During these ages, women either are in menopause or have just stepped into this phase. At this point, the ovaries of women are not releasing eggs and there is an absence of estrogen hormone. The symptoms commonly seen during this time include:

  • Hot flashes
  • Cold flashes and/or night sweats
  • A loss of energy and Insomnia (troubled sleeping)
  • Dry skin, mouth, or eyes
  • An urge to frequently urinate
  • Increased facial hair growth
  • Vaginal dryness; sex-related discomfort
  • Emotional changes including mood swings, irritability, aggressiveness, and mild depression

4. 55 to 60 Years

By the age of 55, most women have undergone menopause and are in the postmenopause phase. During this time, women still may experience symptoms that they did during perimenopause and menopause phases. The risk of having heart disease can increase in such women.

5. 60 to 65 Years

There is a small percentage of women who get into menopause very late in their life. It is not necessarily a bad thing. Studies report that late menopause is linked with a lower risk of having heart disease, stroke, heart attack, or osteoporosis. Researchers believe that prolonged exposure of the heart and bones to estrogen can protect them. Thus, such women have a greater life expectancy. Menopause in women belonging to this age group do experience hot flashes that are usually infrequent but can be bothersome. [1, 3]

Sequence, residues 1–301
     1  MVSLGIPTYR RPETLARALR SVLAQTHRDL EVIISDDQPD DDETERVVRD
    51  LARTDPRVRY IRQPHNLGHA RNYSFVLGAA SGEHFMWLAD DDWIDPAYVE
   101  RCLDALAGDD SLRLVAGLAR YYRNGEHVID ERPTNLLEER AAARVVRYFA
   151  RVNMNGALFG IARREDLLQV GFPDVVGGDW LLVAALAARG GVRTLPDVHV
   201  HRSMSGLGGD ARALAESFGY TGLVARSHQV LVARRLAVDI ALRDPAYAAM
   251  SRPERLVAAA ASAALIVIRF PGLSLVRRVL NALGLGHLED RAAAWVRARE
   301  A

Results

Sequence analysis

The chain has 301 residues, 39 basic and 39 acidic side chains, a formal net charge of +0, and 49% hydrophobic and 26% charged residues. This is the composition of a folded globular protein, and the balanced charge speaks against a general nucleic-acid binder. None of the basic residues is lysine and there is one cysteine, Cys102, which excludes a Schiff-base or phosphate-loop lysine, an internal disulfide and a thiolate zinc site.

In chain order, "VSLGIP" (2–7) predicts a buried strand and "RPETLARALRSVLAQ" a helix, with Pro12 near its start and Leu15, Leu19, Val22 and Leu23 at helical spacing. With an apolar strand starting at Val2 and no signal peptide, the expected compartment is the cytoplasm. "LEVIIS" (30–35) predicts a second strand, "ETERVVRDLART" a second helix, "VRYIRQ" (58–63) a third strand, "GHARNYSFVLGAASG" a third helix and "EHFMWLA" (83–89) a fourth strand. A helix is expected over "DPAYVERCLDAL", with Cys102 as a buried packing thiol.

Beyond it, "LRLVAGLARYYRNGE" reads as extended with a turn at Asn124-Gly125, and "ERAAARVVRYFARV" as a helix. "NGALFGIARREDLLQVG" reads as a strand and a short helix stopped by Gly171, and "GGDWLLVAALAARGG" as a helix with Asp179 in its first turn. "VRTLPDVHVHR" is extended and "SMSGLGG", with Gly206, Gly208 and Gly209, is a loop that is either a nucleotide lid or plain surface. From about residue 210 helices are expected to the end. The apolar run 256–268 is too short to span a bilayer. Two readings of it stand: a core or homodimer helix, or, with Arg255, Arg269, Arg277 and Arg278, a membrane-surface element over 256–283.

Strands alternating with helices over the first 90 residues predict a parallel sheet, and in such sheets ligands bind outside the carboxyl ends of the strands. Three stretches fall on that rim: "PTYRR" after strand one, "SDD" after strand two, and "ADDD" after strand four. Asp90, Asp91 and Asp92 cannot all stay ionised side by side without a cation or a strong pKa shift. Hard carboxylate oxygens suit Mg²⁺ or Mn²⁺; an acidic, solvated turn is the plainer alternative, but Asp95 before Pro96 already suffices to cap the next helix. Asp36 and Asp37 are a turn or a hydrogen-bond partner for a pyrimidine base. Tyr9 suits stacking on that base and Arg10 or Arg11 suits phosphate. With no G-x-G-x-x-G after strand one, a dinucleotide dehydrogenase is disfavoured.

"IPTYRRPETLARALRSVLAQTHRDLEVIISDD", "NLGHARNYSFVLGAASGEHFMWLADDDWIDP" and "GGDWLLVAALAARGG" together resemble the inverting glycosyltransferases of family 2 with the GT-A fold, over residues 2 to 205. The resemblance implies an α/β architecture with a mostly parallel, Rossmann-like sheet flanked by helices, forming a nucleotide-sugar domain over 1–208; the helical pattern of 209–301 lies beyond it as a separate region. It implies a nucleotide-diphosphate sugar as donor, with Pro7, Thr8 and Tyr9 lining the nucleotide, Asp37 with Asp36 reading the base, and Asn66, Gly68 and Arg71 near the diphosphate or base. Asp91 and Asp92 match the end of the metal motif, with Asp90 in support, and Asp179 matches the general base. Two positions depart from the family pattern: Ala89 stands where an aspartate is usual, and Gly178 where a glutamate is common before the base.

Can Menopause be managed?

Yes, if there are severe symptoms of menopause they can be alleviated! The treatment options include the following:

  • Hormonal replacement therapy: It can be given to patients to replace estrogen and reduce symptoms of menopause.
  • Topical creams: There are vaginal creams that help to alleviate vaginal dryness.
  • Cognitive behavior therapy: This can help with emotional changes like mood changes, depression, anxiety and others. [2]

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References:

  1. https://www.healthline.com/health/menopause/symptoms-of-menopause#What-is-menopause?
  2. https://www.ageuk.org.uk/information-advice/health-wellbeing/mind-body/6-things-to-know-about-the-menopause/
  3. https://my.clevelandclinic.org/health/diseases/21841-menopause